PCBs are a large group of related industrial chemicals.
PCBs are common contaminants in fish in many parts of the world.
The Office of Environmental Health Hazard Assessment (OEHHA) issues health advisories for people who fish and their families.
PCBs are man-made. They were made in the United States from about 1930 to 1977. They were used in:
PCBs were banned for most uses because they do not break down easily and stay in the environment for a long time.
Spills, leaks, and improper disposal are the main ways that PCBs have entered the environment.
PCBs are mainly found in:
Fish and shellfish usually contain the highest PCB levels of any food, especially fish that:
People may also be exposed to small amounts of PCBs from fluorescent light fixtures or electrical appliances more than 30 years old. People who work with PCB transformers, breathe the air near hazardous waste sites, or drink water from a PCB-contaminated well can also be exposed.
Mothers can pass PCBs to their babies during pregnancy or in breast milk. But exposure to PCBs has decreased since they were banned in 1977.
High levels of PCBs have been found in some species of fish in or near San Francisco Bay, Santa Monica Bay, the Palos Verdes Peninsula, San Pedro Bay, Long Beach Harbor, and San Diego Bay.
OEHHA has fish advisories for these locations based on PCB levels in certain kinds of fish.
Although PCB levels in fish have been decreasing since they were banned, scientists may still find PCBs in fish from other areas of the state that have not yet been tested.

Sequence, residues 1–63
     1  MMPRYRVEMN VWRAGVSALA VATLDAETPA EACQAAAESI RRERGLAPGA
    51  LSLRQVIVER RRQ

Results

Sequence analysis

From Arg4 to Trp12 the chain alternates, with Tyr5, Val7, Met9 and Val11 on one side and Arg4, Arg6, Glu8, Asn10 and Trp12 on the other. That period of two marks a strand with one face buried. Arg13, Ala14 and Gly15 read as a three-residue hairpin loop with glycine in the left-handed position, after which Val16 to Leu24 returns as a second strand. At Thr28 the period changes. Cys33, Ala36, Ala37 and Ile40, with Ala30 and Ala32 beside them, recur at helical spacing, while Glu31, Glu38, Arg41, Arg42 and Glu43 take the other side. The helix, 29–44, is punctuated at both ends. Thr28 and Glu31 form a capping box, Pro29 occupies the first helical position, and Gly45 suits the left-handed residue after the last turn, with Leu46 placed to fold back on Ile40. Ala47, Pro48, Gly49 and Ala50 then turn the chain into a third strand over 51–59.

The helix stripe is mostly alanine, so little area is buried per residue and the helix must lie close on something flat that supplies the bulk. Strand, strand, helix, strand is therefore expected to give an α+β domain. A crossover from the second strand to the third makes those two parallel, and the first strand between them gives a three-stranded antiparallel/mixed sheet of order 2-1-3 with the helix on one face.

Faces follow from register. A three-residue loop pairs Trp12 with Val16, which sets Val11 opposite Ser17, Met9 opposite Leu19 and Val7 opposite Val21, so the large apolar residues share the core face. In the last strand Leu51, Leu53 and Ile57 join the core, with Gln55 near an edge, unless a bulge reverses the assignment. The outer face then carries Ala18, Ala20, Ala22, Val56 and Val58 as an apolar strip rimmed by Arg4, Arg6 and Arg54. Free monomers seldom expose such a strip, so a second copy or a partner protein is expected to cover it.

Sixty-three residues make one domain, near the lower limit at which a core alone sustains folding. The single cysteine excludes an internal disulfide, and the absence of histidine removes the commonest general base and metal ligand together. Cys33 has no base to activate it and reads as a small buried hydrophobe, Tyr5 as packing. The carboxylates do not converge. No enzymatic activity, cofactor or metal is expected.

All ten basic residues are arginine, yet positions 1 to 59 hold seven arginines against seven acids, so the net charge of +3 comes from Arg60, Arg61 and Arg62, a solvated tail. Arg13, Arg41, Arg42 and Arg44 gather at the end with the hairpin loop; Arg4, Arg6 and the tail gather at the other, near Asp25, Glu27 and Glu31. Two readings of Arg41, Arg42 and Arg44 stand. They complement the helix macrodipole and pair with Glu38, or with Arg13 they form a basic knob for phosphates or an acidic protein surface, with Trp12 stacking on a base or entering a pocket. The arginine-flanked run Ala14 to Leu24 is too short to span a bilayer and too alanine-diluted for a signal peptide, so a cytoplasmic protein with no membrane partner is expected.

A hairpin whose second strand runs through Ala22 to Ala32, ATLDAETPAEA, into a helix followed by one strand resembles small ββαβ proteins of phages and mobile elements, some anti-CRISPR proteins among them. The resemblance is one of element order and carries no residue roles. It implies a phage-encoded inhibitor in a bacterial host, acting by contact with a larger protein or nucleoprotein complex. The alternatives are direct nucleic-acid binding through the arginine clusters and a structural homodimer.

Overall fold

In the past, some people were exposed to very high levels of PCBs at work or from accidental poisoning.
Studies with animals showed that high levels of PCBs could harm the liver, digestive tract, and nerves; and could affect development, reproduction, and the immune system.
PCB levels in fish are much lower than levels that may have made people sick in the past from work or accidental poisonings. PCB levels in fish also are much lower than levels given to laboratory animals.
It is very unlikely that you will have any obvious signs of harm from PCBs.
Fish advisories can help you prevent PCBs from building up in your body to levels that could cause health problems or increase your chance of getting cancer.
A large amount of PCBs can be removed from fish if you cook and clean them in certain ways.
If you eat crabs or lobsters, you should not eat the soft green parts because PCBs can build up there.
Health advisories for sport fish in all parts of California are printed in the California Sport Fishing Regulations booklet.This booklet can be found online and where fishing licenses are sold.
You can also get updates and other information on fish advisories or “safe eating guidelines” from OEHHA or call us at (916) 327-7319 or (510) 622-3170.
More information on PCBs is available from the Centers for Disease Control and Prevention.
View maps of current statewide and site-specific advisories
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